In the hugely unlikely event that I ever become a government minister, I'm sure I'd find myself impressed if hundreds or thousands of people had bothered to send me an email saying I should do / not do / start / stop / change / etc "something" : vox populi, and all that. However, if I were on the receiving end of such a deluge, I think I'd ask this question: How many of the email senders had bothered to change the basic text, to make it more personal, say, or to exemplify an aspect of the issue? And as the % figures grew for those who'd done this, I think I'd begin to take more notice. It is, after all easy to send an email that someone else has written for you.
I have thought of this in the last week in the light of People & Planet's email campaign against Tim Oates (see earlier post). P&P have been encouraging us all to write to Msrs Oates and Gove in this fashion:
Don't take climate change off the curriculum
FAO: Mr Tim Oates & Rt Hon Secretary of State for Education, Michael Gove
I am a [student / teacher / parent]
I am deeply disturbed to learn that you are recommending to the government that climate change no longer be taught through the national curriculum. It is absolutely crucial that young people be taught how human activity and natural processes can lead to changes in the environment and about ways in which living things and the environment need to be protected.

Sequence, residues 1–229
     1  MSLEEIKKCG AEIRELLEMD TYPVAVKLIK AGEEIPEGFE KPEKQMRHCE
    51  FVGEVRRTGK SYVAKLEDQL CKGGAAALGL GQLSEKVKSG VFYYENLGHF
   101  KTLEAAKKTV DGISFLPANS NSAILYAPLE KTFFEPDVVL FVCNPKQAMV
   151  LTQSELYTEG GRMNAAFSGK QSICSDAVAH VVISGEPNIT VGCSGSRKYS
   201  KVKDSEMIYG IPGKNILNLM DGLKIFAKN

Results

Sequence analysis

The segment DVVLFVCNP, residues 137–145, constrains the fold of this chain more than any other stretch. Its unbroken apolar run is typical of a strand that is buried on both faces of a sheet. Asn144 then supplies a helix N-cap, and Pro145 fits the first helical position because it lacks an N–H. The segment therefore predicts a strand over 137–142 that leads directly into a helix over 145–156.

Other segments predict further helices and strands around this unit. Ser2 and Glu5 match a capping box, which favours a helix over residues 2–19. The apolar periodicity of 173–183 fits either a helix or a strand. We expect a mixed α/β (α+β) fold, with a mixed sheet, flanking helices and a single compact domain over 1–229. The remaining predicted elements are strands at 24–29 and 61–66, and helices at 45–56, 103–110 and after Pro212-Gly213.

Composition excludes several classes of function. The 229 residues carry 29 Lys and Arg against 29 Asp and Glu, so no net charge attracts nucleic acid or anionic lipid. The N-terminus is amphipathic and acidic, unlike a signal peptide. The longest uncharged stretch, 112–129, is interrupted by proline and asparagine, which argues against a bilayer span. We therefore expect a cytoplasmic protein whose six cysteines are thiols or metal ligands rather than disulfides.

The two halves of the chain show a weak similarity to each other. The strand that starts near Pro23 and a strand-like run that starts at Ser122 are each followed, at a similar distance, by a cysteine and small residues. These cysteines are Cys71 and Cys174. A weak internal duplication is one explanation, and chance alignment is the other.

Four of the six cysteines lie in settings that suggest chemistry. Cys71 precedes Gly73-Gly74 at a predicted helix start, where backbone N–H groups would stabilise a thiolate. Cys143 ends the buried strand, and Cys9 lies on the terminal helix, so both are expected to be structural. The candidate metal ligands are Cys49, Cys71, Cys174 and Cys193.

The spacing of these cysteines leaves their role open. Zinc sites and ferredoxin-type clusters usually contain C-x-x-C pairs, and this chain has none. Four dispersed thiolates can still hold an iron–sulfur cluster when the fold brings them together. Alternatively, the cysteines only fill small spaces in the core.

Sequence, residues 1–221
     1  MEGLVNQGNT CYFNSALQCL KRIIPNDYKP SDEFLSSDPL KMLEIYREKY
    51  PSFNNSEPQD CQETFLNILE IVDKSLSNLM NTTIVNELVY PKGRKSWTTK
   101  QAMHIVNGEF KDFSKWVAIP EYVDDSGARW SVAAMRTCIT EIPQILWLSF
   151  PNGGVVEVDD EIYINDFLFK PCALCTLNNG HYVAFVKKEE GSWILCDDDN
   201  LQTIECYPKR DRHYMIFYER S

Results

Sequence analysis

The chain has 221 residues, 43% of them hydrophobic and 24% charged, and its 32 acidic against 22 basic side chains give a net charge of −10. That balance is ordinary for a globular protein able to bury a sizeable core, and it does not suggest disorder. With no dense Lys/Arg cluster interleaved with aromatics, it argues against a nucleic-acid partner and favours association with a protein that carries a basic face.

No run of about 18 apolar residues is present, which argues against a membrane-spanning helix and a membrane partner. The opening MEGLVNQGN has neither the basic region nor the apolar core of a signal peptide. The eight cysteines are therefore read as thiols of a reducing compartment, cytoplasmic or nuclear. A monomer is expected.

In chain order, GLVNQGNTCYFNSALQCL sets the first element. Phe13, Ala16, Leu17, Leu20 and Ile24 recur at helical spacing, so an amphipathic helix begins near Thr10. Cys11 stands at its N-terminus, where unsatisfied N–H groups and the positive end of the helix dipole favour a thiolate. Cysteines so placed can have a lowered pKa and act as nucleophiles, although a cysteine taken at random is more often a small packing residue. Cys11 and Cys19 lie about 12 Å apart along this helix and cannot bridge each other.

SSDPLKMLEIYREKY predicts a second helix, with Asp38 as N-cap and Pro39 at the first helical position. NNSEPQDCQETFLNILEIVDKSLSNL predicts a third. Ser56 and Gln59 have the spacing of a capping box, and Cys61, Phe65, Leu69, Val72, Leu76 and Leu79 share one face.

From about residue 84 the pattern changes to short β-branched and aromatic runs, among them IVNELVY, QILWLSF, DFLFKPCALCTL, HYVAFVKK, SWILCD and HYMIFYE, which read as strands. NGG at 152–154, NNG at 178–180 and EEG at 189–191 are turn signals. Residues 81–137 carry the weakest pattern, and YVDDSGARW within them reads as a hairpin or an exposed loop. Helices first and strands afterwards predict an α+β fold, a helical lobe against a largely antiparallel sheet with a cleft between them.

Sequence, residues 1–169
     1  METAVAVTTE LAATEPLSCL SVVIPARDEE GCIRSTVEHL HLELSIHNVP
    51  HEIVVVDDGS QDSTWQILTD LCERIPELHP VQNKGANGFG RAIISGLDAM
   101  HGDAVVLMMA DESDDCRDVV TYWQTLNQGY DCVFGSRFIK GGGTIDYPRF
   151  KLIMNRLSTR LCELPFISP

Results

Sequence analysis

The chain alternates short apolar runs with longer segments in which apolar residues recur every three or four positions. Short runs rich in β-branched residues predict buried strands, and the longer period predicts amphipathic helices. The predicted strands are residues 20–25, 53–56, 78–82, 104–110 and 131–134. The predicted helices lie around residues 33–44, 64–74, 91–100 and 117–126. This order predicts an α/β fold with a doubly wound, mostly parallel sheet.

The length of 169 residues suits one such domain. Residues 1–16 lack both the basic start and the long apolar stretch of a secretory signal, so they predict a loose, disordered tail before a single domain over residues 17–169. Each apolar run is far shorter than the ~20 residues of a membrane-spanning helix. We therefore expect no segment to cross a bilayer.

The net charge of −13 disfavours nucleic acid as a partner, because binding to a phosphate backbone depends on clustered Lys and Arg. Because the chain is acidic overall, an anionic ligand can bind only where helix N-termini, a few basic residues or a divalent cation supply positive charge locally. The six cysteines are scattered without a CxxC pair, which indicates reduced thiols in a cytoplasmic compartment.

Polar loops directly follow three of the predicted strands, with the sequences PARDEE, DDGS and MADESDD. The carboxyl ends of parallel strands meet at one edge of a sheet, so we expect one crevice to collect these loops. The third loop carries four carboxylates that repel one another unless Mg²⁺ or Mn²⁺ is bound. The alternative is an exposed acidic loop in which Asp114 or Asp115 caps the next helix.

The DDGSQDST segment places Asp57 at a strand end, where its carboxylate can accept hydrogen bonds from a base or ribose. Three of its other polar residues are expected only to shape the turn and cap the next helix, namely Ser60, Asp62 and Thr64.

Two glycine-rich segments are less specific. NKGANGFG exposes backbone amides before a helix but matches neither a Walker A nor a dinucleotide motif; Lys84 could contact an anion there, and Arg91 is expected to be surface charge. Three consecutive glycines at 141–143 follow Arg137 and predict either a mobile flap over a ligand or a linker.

Without knowledge and understanding of the social, economic and environmental impacts of climate change, how can we expect young people to be ready to deal with the impacts and help find the solutions to climate change that will play such a huge role in their futures?
Climate change is widely accepted as the biggest threat facing our planet and billions of people on it. Given the government's commitment to being "the greenest government ever" it would be shameful and tragic for the UK to actively undermine the central opportunities that our young people have through the curriculum to explore the much-needed climate solutions of renewable energy, recycling and sustainable resource management.
I urge you to reconsider your dangerous recommendation,
P&P do recognise the greater power of a personalised message. In the preamble to the email text, they say:
Please adapt the suggested text and subject line below, and remember to:
- be polite
- let Tim Oates know if you are a student, teacher or parent
- tell him how important your own knowledge and understanding of climate change has been to you
But, the trouble is that P&P have so packed the email with fully-formed ideas and messages that it is quite hard to add a personal or anecdotal element. It is quite a dilemma: the more complete the message, the more likely it is that people will just send it off; the more a message is customised, the more notice is likely to be taken of it.
Next time, I wonder, might P&P decide to put more trust in their clients and draft an incomplete email that people have to amend. Fewer hits, but more impact, perhaps. Sadly, however, I cannot see this happening.